Britton Chance, in Memoriam
Albert S. Mildvan
01 February 2011
Britton Chance was a truly inspiring scientist, among the greatest. His long and vigorous career in biochemistry, biophysics, and biological instrumentation began with his now classic kinetic and spectroscopic studies of the mechanisms of action of individual enzymes: catalases, peroxidases, and dehydrogenases. His rigorous detection of kinetically functional enzyme-substrate intermediates, in vitro and in vivo, disposed of vitalistic proposals of enzyme action, and established Chance as the founder of modern enzymology. His elucidation of the spectral properties of enzyme-substrate intermediates, set the stage for their ultimate structural elucidation by X-ray diffraction and NMR, fields to which Chance had also made profound contributions.
Chance proceeded next to more complex multienzyme systems: the electron transport chains of respiration and photosynthesis. Mildred Cohn had shown that during mitochondrial oxidative phosphorylation, 18O-labeled inorganic phosphate lost more than one 18O atom, suggesting the reversibility of this process. Chance’s spectroscopic studies of this process precisely located the chemical loci of energy conservation, and established the reversibility of such energy-coupled electron transport.
In the controversial field of energy coupling, crowded with leaders in biochemistry, the conventional wisdom was that this process occurred via an energy-rich chemical intermediate, analogous to 1,3-diphosphoglyceric acid in the glyceraldehyde-1,3-diphosphate dehydrogenase reaction. In 1961, Peter Mitchell proposed a very different mechanism of energy coupling, via a proton and electrochemical gradient across the mitochondrial membrane. This was strongly, but fairly criticized by Chance and others, requesting additional experiments. After years of experiments and arguments by Mitchell, Ephriam Racker, Albert Lehninger, E. C. Slater, and others, Mitchell’s views became accepted, and Albert Lehninger (personal communication, 1977) nominated Mitchell for the 1978 Nobel prize in Chemistry. Subsequently, extending the 18O exchange studies of Mildred Cohn and the transient kinetic studies of Harvey Penefsky, Paul Boyer, together with John Walker, a crystallographer, shared the 1997 Nobel prize in Chemistry for "elucidating the enzymatic mechanism underlying the synthesis of ATP". Chance’s studies of bacterial photosynthesis established the existence of electron tunneling, and provided deep insight into the mechanisms of outer-sphere electron transfer reactions in general.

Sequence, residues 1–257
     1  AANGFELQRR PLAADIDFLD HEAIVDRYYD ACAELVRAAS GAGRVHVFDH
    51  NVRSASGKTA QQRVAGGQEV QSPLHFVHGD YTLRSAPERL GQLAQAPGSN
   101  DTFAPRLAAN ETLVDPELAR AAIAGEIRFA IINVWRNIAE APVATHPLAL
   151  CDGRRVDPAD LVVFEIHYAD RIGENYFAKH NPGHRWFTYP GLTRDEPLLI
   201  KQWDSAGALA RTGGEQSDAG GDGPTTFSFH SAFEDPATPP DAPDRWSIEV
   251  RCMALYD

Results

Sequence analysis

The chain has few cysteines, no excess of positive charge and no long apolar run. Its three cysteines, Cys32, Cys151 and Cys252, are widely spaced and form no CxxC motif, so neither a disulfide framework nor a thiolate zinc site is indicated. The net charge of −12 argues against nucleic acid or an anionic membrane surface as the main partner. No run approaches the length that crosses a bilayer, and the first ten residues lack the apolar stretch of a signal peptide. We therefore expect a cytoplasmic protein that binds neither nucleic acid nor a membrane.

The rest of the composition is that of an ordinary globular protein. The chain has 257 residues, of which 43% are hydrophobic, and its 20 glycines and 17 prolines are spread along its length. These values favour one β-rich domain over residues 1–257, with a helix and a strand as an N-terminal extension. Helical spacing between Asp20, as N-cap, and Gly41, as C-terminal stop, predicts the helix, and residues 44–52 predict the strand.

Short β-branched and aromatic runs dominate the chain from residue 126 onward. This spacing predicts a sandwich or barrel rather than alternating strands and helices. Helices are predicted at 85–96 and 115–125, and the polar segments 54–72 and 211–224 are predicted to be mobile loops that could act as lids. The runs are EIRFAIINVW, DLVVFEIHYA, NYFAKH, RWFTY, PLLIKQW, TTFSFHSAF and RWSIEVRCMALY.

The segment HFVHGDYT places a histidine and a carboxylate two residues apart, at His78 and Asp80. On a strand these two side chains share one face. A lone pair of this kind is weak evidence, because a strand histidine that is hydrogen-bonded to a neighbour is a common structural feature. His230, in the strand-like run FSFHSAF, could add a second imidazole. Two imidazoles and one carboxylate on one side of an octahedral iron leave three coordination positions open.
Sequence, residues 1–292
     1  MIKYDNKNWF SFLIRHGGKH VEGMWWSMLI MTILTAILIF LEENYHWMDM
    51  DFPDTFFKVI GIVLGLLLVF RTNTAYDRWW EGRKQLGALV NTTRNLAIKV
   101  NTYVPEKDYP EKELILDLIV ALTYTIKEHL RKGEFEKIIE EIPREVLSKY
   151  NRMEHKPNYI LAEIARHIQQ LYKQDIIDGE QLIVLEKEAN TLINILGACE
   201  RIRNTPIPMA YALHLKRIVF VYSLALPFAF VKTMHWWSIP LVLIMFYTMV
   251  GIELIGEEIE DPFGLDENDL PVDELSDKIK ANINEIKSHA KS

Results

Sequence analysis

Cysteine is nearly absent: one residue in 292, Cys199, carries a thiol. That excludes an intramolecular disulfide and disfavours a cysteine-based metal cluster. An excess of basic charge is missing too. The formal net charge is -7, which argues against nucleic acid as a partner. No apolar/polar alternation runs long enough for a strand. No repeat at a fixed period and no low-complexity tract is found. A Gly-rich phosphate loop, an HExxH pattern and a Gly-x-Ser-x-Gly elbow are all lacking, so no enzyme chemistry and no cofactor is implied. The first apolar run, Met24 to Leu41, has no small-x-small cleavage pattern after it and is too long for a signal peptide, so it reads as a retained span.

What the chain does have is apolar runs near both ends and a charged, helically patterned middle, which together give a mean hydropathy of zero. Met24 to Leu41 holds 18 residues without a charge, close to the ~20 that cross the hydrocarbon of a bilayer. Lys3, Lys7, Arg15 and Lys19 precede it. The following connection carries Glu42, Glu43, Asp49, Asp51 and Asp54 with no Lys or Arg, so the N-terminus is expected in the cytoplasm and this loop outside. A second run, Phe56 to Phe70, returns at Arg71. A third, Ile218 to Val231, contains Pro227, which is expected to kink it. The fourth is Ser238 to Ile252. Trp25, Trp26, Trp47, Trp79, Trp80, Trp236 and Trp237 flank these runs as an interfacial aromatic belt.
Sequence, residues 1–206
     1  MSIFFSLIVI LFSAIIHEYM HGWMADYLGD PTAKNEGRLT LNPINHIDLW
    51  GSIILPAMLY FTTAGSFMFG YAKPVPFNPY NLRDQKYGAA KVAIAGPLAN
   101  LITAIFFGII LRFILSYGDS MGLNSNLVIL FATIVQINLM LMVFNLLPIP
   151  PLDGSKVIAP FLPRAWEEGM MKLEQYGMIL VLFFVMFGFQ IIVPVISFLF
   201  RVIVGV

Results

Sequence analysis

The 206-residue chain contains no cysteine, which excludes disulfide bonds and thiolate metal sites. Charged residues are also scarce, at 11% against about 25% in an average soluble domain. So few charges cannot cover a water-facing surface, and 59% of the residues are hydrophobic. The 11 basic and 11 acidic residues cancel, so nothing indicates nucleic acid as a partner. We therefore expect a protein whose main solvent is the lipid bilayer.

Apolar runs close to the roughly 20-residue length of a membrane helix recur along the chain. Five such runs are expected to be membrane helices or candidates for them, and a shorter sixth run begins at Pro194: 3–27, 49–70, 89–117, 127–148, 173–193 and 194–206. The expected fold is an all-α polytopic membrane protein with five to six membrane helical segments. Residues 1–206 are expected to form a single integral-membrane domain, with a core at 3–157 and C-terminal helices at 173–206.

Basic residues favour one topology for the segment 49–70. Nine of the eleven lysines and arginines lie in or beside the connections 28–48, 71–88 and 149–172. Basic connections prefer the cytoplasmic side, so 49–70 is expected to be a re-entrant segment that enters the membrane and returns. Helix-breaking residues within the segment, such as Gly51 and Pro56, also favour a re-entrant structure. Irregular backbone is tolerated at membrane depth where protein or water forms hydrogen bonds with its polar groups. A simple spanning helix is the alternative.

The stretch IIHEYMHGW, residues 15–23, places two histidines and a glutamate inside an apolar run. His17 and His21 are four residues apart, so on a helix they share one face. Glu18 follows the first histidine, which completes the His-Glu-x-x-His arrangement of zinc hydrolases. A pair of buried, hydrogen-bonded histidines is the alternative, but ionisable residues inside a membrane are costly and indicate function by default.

Chance next proceeded to still more complicated systems, studying the oxygen requirements and energy metabolism of cell suspensions, perfused organs, and ultimately the entire organism, including man. In his work, he made use of his home-built 31P NMR spectrometer. Chance’s approach to a scientific problem was to design and build the best instrument, usually a spectrometer, with the highest resolution in timing, spectral frequency, and sensitivity to study the problem properly. His data were interpreted conservatively, using state of the art mathematics and computation. When necessary, he also designed and built an appropriate computer.
Chance next became interested in medical imaging, expanding NMR imaging by extending it to phosphorus, and by developing near-infra red optical imaging for the detection of ischemia and cancers.
I had the privilege of collaborating with Chance in X-ray absorption studies of the enzyme glyoxalase I (1984) which revealed its essential Zn2+ to be in either a 7-coordinate or a distorted octahedral complex and to receive approximately two histidine ligands. Our collaborative studies of methemoproteins by NMR relaxation (1971) showed the 6th ligand of Fe3+ to be a water at low pH and a hydroxyl at high pH, both in solution and in the crystalline state. Crystallization decreased the escape rate of water protons from the coordination sphere of Fe3+ via an entropy barrier. Working directly with Brit was a profound experience, for which I am very grateful.
– Albert S. Mildvan, MD
Professor Emeritus of Biological Chemistry and Chemistry,
The Johns Hopkins University